Another food fight at Harvard

Ethel C. Fenig
The great minds at Harvard University just can't seem to get this diversity, pluralism and multi culti thing right. Not to mention inclusiveness.  And when combined with something as difficult as food--well, Harvard just seems to collapse.  

Recently, Harvard succumbed after an Arab student went on a hate filled rant, complaining that hummus wasn't Israeli but Arab, or at least Mediterranean; labeling it Israeli was another sign of
Israeli domination.

Then Harvard University Dining Service (HUDS) decided that because kosher food is more expensive than non kosher food--and it is--only Jews should be allowed to eat in the Harvard Hillel House's kosher kitchen.  Hillel, found on many college campuses, provides programming, resources and services for Jewish students, faculty and staff.  While naturally aimed at Jews, Hillels are welcoming and do not prohibit non Jews.

A sign posted Nov. 9 at the entrance of the dining hall limited entry to "a member or an invited guest of Harvard's diverse Jewish community," the Harvard Crimson reported.

"The most important part of Hillel's mission is hospitality," Harvard Hillel's executive director, Rabbi Jonah Steinberg, told the Crimson. "[The restriction] creates conflict with our inclusive and welcoming environment, but I understand HUDS's concern about its budget."

According to Steinberg, who has been in contact with HUDS, kosher meals at Hillel cost twice as much as meals in other dining halls. "I don't know how you could visually single out individuals as belonging or not belonging in a community," Steinberg said. "I just hope we will work out a way with HUDS to make Hillel both a cost-efficient and a welcoming institution."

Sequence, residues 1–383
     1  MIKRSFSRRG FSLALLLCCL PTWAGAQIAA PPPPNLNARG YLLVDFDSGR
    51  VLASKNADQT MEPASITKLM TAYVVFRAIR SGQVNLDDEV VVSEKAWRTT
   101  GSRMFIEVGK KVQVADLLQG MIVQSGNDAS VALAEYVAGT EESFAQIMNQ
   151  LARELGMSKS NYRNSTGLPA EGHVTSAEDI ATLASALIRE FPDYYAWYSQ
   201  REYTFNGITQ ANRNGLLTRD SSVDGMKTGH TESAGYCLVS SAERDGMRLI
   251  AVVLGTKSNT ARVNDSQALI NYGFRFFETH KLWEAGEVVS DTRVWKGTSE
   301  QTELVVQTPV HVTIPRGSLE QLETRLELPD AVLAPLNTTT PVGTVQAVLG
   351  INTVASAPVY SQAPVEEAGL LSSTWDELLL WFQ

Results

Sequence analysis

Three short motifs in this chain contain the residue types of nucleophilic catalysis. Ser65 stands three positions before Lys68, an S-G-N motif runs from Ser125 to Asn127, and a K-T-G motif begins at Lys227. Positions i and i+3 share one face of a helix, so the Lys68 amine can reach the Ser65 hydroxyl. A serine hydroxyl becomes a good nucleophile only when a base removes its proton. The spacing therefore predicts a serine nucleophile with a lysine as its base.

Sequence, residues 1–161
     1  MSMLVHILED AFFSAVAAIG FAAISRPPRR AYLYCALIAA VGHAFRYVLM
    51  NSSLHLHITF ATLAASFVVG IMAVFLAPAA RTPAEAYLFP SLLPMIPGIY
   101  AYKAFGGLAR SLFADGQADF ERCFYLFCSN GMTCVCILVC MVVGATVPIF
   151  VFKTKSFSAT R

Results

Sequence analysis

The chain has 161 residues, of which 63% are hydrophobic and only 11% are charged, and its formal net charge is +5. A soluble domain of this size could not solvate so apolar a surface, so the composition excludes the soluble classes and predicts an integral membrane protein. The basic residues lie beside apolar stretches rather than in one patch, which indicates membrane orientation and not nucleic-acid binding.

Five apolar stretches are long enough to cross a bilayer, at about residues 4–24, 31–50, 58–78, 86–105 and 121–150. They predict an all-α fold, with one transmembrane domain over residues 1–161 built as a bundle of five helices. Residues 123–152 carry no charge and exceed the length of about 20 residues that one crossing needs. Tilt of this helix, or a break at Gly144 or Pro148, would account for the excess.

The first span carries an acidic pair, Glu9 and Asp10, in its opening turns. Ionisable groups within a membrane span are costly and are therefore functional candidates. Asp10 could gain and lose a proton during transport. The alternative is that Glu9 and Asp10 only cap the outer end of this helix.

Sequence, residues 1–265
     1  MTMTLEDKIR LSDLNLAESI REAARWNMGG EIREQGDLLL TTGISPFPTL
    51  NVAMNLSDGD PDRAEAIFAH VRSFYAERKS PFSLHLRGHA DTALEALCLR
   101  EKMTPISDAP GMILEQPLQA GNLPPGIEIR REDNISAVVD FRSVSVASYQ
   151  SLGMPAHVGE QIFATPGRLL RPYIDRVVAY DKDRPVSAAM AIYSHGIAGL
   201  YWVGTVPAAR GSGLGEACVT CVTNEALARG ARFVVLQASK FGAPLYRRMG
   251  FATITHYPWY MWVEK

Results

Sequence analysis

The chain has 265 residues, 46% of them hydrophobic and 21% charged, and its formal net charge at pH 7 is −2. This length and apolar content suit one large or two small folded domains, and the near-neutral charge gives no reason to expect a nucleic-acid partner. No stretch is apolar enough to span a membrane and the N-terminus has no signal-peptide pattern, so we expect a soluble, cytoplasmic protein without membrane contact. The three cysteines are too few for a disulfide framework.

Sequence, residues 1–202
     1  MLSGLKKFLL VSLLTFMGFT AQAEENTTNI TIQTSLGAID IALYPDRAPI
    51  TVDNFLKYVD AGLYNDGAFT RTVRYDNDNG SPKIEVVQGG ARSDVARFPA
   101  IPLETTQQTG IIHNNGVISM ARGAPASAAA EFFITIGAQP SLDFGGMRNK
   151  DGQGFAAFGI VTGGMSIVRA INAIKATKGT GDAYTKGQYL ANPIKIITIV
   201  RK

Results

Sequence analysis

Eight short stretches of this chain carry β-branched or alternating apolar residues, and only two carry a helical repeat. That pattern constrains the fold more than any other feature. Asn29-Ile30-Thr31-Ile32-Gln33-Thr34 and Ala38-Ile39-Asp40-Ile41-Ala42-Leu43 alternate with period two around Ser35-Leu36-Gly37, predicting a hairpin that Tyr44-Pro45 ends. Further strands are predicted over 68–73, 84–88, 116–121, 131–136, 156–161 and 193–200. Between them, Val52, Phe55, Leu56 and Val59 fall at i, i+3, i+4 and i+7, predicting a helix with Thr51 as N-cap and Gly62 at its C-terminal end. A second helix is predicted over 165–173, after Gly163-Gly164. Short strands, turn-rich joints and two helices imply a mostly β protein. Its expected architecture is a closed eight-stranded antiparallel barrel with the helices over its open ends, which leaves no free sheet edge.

While keeping kosher has many advantages, cost efficiency is not usually one of them.  But the problem has been solved in a Harvard way--just a misunderstanding, "inartfully worded"..."regret the confusion" and oh by the way, this is why we did it, according to an update from the student paper The Harvard Crimson.

The earlier sign prompted consternation among Jews and non-Jews alike. But a joint statement released by Associate Dean of Student Life Kimberly A. Pacelli, David P. Davidson from Harvard University Dining Services, and Rabbi Jonah C. Steinberg from Harvard Hillel said that the previous statement had been misunderstood.

"In an effort to continue fulfilling the kitchen's primary mission, a sign was posted that many mistakenly interpreted as restricting the facility solely to members of Harvard's Jewish community. This was never our intention, the sign was inartfully worded, and we regret the confusion it apparently engendered," the three wrote.

The joint statement also clarified the reasoning behind the policy, explaining that the kosher dining hall, intended to serve approximately 90 to 100 people per night, has seen recent spikes in attendance. On average, more than 200 students per night have dined at Hillel since the beginning of this year, often making it difficult for the small kitchen to accommodate students both with and without dietary restrictions.

Although the statement explains all are welcome at Harvard Hillel, it also asks that students be respectful of Hillel's purpose as a kosher dining hall. Most students who dine at Hillel said they were against the changes implemented by HUDS and supported the return to Hillel's former inclusiveness.

Next, to prove their dining diversity and food inclusiveness, HUDS will finally offer authentic Native American cuisine based on heirloom recipes from prized Native American scholar and now senator elect, Elizabeth Warren.